Frank Mascagni 2014-01-16 06:54:11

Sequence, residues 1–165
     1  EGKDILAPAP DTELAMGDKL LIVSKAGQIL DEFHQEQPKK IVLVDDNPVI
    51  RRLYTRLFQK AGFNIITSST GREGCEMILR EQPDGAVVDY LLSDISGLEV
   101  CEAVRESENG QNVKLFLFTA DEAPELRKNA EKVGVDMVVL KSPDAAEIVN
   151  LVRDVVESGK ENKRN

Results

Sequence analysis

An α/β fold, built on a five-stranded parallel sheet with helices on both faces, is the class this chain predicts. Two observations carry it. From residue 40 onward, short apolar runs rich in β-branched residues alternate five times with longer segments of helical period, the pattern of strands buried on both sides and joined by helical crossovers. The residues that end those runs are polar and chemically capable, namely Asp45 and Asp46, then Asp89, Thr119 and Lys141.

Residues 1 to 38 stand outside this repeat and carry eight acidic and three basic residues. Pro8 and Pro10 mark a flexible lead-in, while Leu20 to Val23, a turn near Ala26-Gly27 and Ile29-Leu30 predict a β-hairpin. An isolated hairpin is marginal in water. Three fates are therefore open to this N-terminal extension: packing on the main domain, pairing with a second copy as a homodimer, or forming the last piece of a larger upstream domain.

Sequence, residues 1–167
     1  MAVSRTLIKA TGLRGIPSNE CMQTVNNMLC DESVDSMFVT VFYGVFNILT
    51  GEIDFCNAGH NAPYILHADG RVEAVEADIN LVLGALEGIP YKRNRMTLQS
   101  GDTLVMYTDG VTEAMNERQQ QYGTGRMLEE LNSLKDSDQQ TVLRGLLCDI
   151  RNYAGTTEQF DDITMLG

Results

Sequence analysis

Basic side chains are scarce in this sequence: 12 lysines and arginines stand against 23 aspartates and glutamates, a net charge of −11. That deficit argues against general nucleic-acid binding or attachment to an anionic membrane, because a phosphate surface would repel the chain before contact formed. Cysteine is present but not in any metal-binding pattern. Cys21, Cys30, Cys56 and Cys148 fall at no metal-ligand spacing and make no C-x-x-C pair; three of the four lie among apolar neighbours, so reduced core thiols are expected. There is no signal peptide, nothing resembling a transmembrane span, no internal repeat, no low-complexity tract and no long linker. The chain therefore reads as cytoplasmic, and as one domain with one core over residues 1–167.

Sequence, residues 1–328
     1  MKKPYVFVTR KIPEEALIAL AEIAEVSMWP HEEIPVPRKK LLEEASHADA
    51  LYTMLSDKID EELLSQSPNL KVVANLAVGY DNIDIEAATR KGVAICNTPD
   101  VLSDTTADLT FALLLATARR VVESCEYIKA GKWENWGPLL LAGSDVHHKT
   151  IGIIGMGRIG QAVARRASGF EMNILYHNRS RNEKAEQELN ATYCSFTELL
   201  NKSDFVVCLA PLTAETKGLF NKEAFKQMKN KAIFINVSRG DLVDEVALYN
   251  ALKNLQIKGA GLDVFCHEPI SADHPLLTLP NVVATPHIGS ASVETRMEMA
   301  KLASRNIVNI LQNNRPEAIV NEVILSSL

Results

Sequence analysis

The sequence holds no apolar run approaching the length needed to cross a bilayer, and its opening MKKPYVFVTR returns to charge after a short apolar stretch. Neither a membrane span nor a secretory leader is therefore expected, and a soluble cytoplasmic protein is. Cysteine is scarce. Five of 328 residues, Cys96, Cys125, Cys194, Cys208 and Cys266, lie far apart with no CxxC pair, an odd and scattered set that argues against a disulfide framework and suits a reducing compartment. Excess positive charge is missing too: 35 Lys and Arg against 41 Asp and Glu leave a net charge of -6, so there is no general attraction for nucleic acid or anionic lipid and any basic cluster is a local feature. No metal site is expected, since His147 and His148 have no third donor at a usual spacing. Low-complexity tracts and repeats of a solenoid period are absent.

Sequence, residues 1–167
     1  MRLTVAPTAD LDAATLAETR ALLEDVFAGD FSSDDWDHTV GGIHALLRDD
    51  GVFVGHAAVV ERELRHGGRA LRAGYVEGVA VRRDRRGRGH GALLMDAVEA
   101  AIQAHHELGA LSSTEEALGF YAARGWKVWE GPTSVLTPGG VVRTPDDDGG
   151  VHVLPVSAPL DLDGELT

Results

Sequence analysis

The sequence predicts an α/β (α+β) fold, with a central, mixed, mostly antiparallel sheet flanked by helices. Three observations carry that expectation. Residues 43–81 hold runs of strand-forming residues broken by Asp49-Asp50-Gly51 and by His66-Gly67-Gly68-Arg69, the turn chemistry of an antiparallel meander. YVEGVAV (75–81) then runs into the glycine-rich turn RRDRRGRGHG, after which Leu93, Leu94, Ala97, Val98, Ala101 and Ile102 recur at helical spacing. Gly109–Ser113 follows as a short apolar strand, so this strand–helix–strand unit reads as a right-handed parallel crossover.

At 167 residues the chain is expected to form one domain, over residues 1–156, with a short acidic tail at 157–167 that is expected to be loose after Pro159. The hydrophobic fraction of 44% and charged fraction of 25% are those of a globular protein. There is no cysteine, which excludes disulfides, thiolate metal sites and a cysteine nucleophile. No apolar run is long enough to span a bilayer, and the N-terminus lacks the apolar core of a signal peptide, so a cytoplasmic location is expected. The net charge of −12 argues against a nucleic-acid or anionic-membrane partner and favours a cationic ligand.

Litigation Tips Frank Mascagni, III has been practicing criminal law for over 36 years. He is recognized by Best Lawyers in America® , as a Kentucky Superlawyer, as a Top Lawyer by Louisville Magazine and as a AV Rated Lawyer by Martindale-Hubbell. His address 701 West Jefferson Street, Louisville, Kentucky 40202-2742 and he can be reached at 502-583-2831. Unfortunately, the number of criminal jury trials in the state of Kentucky has been on the decline for the last nine years. Reproduced is a table which I received from the Kentucky Supreme Court at a recent presentation by Chief Justice Minton. Nevertheless, as litigators, we all should prepare each case as though it was going to be resolved by a jury. Reproduced below is an excellent list of objections I received during a presentation after Kentucky adopted the Kentucky Rules of Evidence on July 1, 1992. Each litigator should copy this “cheat sheet” and bring it to court so that it is available during your litigation (should you want to lodge an objection with a basis other than “ouch” or “that hurts”). Good luck! Kentucky Evidentiary Objections Your objection to evidence must be timely and specific. If not, your objection may be waived (Rule 103). Make your objection succinctly and in a clear, firm voice. EXAMPLES: “Objection, Your Honor, the question calls for hearsay.” “Objection, leading.” While you generally voice your objection in front of the jury, do not argue your objection in front of the jury. If argument is required, request permission to approach the bench, then present your argument. Use the Kentucky Rules of Evidence to bolster your argument. Below is a list of most of the common objections, a brief explanation, and authority for the objection based on the Kentucky Rules of Evidence. 1. Ambiguous – Confusing question that is capable of being understood in more than one sense. Rule 611(a). 2. Argumentative – (1) Counsel’s question is really argument to the jury in guise of a question (Example: Counsel summarizes facts, states conclusion, and demands witness agree with conclusion); or (2) excessive quibbling with witness. Rule 611(a). 3. Asked and Answered – Unfair to allow counsel to emphasize evidence through repetition. Greater leeway on cross-examination, however. Rule 611(a). 4. Assumes a Fact Not in Evidence – Fact not testified to contained in the question. Rule 611(a). 5. Authentication Lacking – Proof must be offered that the exhibit is in fact what it is claimed to be. Rule 901(a). 6. Best Evidence Rule – If rule applies, original document must be offered or its absence accounted for. If contents of document are to be proved, rule usually applies. Rule 1002. 7. Beyond Scope of Direct – Rules of Evidence allow cross-exam on any relevant matter, including credibility, however, judge has discretion to limit such questions. An objection may prompt judge to exercise this discretion. Rule 611(b). 8. Compound – More than one question contained in the question by counsel. Rule 611(a). 9. Conclusion – Except for expert, witness must testify to facts within personal knowledge; conclusions are for the jury – and counsel during closing argument. Rule 602; 701. 10. Confusing and Unintelligible – Unfamiliar words, disjointed phrases, or confusing evidence. Rule 611(a). 11. Counsel Testifying – Counsel is making a statement instead of asking a question. Rule 603. 12. Cumulative – Judge has discretion to control repetitive evidence. Repeated presentation of the same evidence by exhibits or by more witnesses is unfair and wastes time. Rule 611(a). 13. Foundation Lacking – No proper foundation for testimony or exhibit. (Example: Offer of “recorded recollection” without showing failure of memory; similar to objection for lack of authentication or personal knowledge.) Rule 602; 901(a). 14. Hearsay (question) – The answer would elicit hearsay, and no exception has been shown. Rule 802. Hearsay (answer) – Question did not call for hearsay, but witness gave it anyway. Consider making a motion to strike and asking judge to instruct jury to disregard the response. Rule 802. 15. Impeachment by Improper Means – Methods of impeachment are limited and specific. Rules 608-610. 16. “Improper” – When you are sure the question is improper, but cannot think of the correct basis for an objection, try “Objection, Your Honor, improper question.” Judge may know the proper basis and sustain your objection, and if the judge asks for your specific basis, you have gained time to think about it. To be used very infrequently. Rule 103( c); 611. 17. Improper Characterization – The question or response has characterized a person or conduct with unwarranted suggestive, argumentative, or impertinent language. (Example: “He looked like a crook.”) Rules 404-405. 18. Incompetent Witness – Lack of qualification such as oath or mental capacity. Also applies if judge or juror is called as a witness. Rule 601-606. 19. Irrelevant – Would not tend to make any fact that is of consequence more probable or less probable. Motion to strike may be appropriate. Rule 402. 20. Leading – Form of question tends to suggest answer. (Permitted, of course, on cross-examination). Rule 611 (c ). 21. Misquoting Witness (or Misstating Evidence) – Counsel’s question misstates prior testimony of witness. Similar to objection based on assuming fact not in evidence. Rule 103 (c ); 611(a). 22. Narrative – Question is so broad or covers such a large time period it would allow witness to ramble and possibly present hearsay, irrelevant or incompetent evidence. Judge has broad discretion in this matter, however. Rule 611(a). 23. Opinion – Lay opinion or inference which is beyond the scope permitted by Rule 701; personal knowledge lacking; or expert witness has not been qualified as such. Rule 701; 702. 24. Prejudice Outweighs Probative Value – At the bench, out of the jury’s hearing, argue that “the probative value of the evidence is substantially outweighed by the danger of unfair prejudice.” May apply to exhibits as well as testimony. (Don’t let the jury hear you say that the evidence is prejudicial–they may be impressed.) Rule 403. 25. Privileged – Answer would violate valid privilege (lawyer-client, husband-wife, clergyman, etc.) Rule 501-508. 26. Speculation and Conjecture – Question requires witness who lacks personal knowledge to guess. Rule 602. 27. Unresponsive – Answer includes testimony not called for by the question. Especially applicable to voluntary response by hostile witness. Note: An objection based solely on this ground is generally deemed appropriate only if made by the examining attorney; therefore, opposing counsel should state some additional basis for the objection. Rule 103 (c ); 611(a).